Lebanon: Girls Camp Focuses on Technology for Empowerment

Global Fund for Women

Equipped with writing, filming and editing skills, “Geekettes” are ready to take back the tech and introduce audiences to an entirely new way of looking at the world: through the eyes of Lebanese girls ages 15-19.

During the weeklong Girl Geek Camp in July, girls from across Lebanon arrived in the city of Kfardebian to learn how to create blogs, use social networks, and film videos on cameras and mobile phones. Building on the camp’s success, the second class of Geekettes arrive this month.

“When I think of technology, I immediately think of data and really complicated stuff,” said 16-year-old geekette, Reem Chamseddine. “Geek Camp showed me that technology could be used to create beautiful things.”

This was the first session of Girl Geek Camp, and trainers spent weeks putting together a program that empowered young girls through technology.

“This is a sensitive age where girls are very much aware of social issues, and are in a transitional period when it comes to career choices,” said Chantal Partamian, a filmmaker and Geek Camp trainer. “I wanted to make them realize that film is a tool of expression, and that the availability of simple video-making tools give them another way to express, explore and shed light on their issues.”

No Such Thing as One-Size-Fits-All Feminism

Girl Geek Camp is an initiative of Nasawiya, a collective of feminist activists in Lebanon who are committed to gender justice and equality. Attracted to their innovative strategies and tactics, Global Fund for Women gave Nasawiya its first flexible grant in 2009 to ensure that young feminists have space to organize and create positive social change.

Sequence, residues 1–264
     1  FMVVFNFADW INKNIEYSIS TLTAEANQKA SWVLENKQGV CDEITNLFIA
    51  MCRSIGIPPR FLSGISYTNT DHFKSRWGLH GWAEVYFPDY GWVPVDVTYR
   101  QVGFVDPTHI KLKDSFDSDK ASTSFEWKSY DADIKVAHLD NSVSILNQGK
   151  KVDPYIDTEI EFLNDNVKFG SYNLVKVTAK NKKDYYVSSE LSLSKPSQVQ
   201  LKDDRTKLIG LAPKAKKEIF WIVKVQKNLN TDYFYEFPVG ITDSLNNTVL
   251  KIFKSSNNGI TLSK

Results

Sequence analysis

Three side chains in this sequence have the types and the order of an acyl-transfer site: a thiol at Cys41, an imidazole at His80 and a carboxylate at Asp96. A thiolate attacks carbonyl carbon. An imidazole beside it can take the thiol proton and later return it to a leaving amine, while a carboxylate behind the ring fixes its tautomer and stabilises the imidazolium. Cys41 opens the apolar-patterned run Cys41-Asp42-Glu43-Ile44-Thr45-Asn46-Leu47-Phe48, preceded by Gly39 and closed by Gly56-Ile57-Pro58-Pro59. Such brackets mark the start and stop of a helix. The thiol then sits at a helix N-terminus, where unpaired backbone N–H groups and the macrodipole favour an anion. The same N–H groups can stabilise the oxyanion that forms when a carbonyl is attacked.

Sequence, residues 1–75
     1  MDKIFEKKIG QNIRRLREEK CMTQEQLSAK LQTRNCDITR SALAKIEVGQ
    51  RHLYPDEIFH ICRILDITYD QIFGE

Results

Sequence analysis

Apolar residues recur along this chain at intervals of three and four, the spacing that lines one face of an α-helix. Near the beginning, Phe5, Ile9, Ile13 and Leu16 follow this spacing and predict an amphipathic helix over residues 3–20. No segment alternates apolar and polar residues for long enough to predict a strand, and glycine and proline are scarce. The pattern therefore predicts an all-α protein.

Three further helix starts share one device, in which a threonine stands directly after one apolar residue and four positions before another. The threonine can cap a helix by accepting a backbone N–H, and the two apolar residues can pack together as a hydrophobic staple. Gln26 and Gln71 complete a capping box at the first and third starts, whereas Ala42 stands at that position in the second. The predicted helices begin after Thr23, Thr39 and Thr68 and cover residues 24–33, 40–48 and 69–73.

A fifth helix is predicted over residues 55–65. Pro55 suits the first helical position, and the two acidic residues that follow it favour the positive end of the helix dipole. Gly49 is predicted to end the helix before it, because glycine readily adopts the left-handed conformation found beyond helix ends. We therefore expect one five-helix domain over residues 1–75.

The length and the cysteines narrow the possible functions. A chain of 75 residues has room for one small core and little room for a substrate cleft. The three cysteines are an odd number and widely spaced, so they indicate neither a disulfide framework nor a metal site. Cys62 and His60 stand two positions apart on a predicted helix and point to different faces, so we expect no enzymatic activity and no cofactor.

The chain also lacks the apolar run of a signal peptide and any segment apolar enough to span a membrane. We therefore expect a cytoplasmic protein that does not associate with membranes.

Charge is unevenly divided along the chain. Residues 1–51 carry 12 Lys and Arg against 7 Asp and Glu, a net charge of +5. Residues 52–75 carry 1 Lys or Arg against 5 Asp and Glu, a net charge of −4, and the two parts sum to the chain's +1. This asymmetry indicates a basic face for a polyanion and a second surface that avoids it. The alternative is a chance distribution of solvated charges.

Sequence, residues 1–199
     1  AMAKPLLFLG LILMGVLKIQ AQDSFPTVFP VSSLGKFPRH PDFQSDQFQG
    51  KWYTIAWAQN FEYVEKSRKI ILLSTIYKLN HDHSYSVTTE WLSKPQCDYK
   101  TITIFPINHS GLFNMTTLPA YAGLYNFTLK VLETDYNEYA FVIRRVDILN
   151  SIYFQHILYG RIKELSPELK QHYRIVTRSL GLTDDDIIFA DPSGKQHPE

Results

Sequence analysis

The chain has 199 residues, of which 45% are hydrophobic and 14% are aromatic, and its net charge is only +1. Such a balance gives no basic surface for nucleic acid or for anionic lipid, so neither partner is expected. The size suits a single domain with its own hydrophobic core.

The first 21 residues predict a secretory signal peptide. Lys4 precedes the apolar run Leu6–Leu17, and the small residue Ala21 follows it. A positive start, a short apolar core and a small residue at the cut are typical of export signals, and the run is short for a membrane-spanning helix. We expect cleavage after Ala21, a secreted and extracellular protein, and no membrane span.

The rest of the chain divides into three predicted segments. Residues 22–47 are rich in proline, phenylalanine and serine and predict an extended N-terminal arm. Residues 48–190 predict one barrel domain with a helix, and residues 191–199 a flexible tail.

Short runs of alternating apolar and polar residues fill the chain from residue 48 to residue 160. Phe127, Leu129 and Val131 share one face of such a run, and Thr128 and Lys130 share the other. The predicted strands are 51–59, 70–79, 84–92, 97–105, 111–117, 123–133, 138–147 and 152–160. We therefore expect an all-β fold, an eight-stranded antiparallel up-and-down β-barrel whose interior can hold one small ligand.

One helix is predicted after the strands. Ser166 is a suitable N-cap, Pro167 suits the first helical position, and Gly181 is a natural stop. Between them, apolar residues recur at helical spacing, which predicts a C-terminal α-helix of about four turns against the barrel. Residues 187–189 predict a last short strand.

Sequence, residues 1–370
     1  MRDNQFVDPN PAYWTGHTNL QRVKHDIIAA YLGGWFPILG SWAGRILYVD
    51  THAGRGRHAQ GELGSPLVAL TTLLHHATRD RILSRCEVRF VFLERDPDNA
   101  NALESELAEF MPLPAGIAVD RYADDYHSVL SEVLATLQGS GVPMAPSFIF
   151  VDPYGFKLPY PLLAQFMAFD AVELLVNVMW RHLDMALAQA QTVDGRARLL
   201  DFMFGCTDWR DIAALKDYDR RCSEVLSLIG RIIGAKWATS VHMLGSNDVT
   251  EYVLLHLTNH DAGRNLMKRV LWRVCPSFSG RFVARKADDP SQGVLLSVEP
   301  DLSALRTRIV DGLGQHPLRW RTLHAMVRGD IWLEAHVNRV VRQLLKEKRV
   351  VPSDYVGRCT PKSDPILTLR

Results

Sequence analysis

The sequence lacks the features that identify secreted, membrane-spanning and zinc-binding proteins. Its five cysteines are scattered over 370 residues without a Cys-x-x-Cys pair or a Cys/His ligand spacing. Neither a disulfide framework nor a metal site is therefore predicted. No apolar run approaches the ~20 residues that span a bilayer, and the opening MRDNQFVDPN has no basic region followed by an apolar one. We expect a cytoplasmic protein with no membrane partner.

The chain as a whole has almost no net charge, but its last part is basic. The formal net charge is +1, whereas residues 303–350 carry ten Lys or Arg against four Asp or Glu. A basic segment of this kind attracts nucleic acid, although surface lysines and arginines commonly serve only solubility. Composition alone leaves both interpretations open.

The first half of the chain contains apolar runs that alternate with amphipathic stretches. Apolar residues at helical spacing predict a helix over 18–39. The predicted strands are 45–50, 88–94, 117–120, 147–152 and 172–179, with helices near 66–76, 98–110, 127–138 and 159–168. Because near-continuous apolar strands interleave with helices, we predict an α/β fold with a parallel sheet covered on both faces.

Members of Nasawiya argue that there is no such thing as one-size-fits-all feminism. Rather, they are a learning organization that listens and challenges its members: men and women who are almost all under the age of 30. In 2009, they put their mission to the test by taking to the streets of Lebanese neighborhoods to talk to over 2,400 women about feminism.

“I am a feminist because I believe in social change, equality and making society and the world a more equal place,” said Partamian, who is also one of Nasawiya’s founders. “I believe in empowerment, autonomy and the right to our own bodies and thoughts.”

Driven Despite Inequalities

Although there have been many gains for women’s rights in Lebanon over the years, almost none have been ratified by law. Discriminatory practices abound in the work place, educational institutions and family dynamics. Nasawiya organizes initiatives like Geek Camp to battle these issues, and show girls that they have a right to a positive self-image and an emotionally and physically healthy life.

“Girls at the camp were the most amazing group of young people I have worked with,” said Partamian. “They are aware of inequalities, and are driven to work towards bettering things.”

Even though the first session of Girl Geek Camp ended, Chamseddine says that the girls take keeping in touch seriously by communicating via Facebook and in person. They are also planning a reunion in 2013.